Home-Schooling Your Autistic Child

If you have an autistic child, then you are aware of the many challenges you face raising your child. With the behavioral problems that many autistic children suffer from, raising an autistic child may feel like two full-time jobs at times. Educating an autistic child is also a difficult task that must be fully thought out.

While public schools are funded to handle children with special needs, these locations are not always the best arenas for autistic children. One of the reasons that home-schooling your autistic child is a good idea is because special education programs may lump autistic children in with others who have maladaptive behavioral problems.

Remember, autistic children have behavioral problems due to their developmental inability to properly function normally in social situations. If they are placed in with others who have emotional problems they may regress instead of progress. However, if home-schooled, parents can control the social influences that are likely to either help or hinder the progress of their child. They can keep them away from insensitive teachers, bullies, and have greater control of their education.

Due to their obvious differences, many autistic children are treated with cruelty. This horrible fact of life can undo much of the progress that your child may have already made. Most autistic children function best when routines are set. Home-schooling is the best way to ensure these routines are established and followed.

In addition, home-schooling is a good choice because many autistic children are sensitive to sound. If they are in a classroom with a bunch of other children making noise, it can be difficult for them to focus.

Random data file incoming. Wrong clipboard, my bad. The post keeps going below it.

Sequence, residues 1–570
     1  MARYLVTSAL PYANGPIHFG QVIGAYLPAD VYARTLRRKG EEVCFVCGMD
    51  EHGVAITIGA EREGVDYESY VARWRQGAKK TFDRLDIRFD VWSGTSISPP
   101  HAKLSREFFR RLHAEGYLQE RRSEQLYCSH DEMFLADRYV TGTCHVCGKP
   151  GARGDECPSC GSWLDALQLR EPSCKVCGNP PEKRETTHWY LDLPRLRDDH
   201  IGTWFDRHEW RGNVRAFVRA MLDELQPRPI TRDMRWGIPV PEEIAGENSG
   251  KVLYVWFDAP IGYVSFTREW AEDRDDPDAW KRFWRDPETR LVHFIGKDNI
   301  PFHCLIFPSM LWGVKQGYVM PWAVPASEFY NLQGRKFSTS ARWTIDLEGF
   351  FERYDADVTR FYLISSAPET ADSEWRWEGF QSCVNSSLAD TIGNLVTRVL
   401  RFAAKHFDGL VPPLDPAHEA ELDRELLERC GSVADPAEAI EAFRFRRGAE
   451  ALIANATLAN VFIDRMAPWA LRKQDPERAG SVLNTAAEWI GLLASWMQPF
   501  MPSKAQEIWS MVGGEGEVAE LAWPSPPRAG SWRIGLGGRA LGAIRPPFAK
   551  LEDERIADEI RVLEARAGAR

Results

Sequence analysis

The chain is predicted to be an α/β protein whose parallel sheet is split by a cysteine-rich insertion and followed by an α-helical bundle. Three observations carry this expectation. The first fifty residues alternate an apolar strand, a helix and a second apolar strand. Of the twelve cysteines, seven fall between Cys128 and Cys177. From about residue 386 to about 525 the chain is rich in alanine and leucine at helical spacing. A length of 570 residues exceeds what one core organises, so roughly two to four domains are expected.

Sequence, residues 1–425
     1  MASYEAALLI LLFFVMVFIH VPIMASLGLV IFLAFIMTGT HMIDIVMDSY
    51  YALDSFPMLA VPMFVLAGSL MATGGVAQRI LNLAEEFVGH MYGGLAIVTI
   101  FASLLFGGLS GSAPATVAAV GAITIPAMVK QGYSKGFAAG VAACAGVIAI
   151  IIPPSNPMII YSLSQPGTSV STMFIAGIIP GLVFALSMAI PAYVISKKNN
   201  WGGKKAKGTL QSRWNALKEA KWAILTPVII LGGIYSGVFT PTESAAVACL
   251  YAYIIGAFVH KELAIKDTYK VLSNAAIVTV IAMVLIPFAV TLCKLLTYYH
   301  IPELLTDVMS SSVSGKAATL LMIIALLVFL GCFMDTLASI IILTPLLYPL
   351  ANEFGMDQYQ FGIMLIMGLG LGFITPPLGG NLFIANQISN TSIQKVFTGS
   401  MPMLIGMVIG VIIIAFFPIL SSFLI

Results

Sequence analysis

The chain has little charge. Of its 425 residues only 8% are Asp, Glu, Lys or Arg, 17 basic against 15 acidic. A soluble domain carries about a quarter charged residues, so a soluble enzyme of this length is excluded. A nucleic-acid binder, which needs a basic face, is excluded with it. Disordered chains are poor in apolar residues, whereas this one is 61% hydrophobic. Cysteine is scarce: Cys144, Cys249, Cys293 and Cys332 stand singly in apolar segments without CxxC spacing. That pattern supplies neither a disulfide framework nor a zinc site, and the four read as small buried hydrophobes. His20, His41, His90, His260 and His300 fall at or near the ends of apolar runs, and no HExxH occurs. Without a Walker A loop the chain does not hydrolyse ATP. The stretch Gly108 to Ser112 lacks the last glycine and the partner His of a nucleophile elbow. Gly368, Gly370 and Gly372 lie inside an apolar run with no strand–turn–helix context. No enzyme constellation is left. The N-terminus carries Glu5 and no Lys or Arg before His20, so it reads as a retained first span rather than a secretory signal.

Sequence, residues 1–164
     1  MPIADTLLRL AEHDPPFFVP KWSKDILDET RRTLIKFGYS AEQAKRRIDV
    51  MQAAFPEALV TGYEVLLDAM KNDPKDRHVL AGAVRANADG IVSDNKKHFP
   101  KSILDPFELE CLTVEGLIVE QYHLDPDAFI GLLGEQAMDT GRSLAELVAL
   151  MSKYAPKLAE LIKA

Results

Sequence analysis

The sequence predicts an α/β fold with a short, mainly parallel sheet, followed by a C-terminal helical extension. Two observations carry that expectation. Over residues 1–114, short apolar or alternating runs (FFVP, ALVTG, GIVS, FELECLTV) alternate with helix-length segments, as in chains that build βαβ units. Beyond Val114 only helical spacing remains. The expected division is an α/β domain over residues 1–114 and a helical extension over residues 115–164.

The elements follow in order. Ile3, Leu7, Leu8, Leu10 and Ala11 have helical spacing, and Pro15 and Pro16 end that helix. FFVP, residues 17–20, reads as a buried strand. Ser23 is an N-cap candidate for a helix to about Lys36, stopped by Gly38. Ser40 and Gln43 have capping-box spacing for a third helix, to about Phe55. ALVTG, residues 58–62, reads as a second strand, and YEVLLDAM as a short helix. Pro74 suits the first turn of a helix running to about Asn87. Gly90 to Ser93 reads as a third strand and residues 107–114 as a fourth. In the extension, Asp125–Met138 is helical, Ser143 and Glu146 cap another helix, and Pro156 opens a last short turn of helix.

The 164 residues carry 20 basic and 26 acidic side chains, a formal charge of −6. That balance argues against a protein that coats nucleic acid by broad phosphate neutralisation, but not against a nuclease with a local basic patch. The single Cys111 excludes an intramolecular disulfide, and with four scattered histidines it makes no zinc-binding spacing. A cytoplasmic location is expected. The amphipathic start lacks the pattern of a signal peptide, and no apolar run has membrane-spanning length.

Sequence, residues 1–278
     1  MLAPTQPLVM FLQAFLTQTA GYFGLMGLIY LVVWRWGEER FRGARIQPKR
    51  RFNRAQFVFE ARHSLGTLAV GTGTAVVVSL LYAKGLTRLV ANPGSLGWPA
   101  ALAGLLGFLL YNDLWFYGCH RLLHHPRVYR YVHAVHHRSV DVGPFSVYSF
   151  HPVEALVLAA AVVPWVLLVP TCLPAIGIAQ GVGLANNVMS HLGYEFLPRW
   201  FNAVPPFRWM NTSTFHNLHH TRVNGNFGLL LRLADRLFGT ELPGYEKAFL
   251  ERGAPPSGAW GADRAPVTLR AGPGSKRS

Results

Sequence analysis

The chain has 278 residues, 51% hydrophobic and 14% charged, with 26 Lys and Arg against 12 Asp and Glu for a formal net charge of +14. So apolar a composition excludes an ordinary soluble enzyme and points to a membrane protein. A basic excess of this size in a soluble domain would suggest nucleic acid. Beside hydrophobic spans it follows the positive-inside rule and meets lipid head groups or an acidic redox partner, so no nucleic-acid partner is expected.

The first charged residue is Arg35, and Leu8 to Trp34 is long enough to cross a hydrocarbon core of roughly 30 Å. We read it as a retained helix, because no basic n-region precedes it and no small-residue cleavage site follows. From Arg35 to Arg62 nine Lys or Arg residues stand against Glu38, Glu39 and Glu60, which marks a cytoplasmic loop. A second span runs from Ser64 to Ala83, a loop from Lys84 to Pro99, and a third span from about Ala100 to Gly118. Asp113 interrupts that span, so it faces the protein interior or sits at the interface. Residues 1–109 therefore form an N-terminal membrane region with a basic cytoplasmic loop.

The home-schooling setting is normally more quiet and conducive to learning, besides, it offers autistic children a typically 1:1 teacher to student ratio. Plus, if you’re following a GFCF diet it’s much easier to implement this at home and you can be sure that your child is only eating what you’re giving them.

Furthermore, research has demonstrated that autistic children who are home-schooled score better on problem behavior assessments.

In order to make the most out of your child’s home-school experience, it may be a good idea to keep a journal. Write down anything about your child’s behavior and performance that is important. For instance, you can keep track of when your child is most productive, when he or she learns best, and what are the potential distractions. Remember you’ll need to adapt your teaching style to suit their learning ability. Trying to make them learn ‘your way’ will just lead to a lack of progress and frustration all round.

As a parent and a teacher it is important for you to read up on recent literature involving the education of autistic children. There are many resources that provide information on teaching strategies, learning methods, and the different types of intelligence. Knowing this information will enable you to tailor a home-school program that will meet your child’s needs.

The beauty about home-schooling is that if one approach doesn’t work you can adapt your style until you find an approach that does work.

Home-schooling is fast becoming a common educational choice for parents of autistic children. The research involved clearly outlines the benefits of home-schooling. However, you must ensure that you will have the time and the dedication to follow through with home-schooling. Simply keeping your child at home is not going to do any good if learning is not occurring. It is important that you address academic, behavioral, and social needs.